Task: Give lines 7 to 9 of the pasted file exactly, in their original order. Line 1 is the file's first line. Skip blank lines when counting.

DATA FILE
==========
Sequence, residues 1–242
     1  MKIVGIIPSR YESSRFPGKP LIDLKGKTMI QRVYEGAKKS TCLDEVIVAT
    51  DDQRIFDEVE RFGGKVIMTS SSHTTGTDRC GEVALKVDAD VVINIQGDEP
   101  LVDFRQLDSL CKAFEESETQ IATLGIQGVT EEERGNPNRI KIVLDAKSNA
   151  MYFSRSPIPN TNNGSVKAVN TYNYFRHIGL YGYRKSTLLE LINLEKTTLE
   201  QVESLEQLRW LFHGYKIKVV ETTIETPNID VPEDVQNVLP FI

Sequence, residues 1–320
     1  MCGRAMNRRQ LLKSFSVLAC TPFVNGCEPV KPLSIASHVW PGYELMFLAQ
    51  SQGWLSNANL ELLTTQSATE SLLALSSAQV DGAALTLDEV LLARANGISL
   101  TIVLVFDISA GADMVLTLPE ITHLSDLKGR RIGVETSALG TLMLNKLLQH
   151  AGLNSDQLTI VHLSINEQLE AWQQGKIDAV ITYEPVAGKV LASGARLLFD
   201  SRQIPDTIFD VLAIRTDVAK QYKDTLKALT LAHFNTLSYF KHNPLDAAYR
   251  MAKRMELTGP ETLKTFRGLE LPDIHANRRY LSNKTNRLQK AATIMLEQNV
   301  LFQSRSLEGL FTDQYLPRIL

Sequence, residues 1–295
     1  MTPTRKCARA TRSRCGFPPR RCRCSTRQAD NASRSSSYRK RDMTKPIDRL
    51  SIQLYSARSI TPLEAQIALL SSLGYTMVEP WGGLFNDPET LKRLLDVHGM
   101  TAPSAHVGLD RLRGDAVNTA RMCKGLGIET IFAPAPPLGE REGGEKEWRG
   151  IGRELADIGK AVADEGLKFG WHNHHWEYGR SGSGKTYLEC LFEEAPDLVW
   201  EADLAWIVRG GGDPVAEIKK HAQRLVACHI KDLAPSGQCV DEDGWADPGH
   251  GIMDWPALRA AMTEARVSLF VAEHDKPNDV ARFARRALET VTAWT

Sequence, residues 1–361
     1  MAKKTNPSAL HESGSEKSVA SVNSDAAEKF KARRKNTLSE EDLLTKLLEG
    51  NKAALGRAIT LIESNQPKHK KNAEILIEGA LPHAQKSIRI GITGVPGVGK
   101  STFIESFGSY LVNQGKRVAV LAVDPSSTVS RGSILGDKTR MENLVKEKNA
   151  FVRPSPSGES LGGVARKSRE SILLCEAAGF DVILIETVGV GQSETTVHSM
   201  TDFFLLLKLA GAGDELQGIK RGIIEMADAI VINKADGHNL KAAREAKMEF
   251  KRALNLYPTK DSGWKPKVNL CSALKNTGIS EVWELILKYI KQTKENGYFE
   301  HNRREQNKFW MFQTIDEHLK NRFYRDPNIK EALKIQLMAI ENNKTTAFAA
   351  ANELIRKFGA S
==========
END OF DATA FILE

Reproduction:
Sequence, residues 1–320
     1  MCGRAMNRRQ LLKSFSVLAC TPFVNGCEPV KPLSIASHVW PGYELMFLAQ
    51  SQGWLSNANL ELLTTQSATE SLLALSSAQV DGAALTLDEV LLARANGISL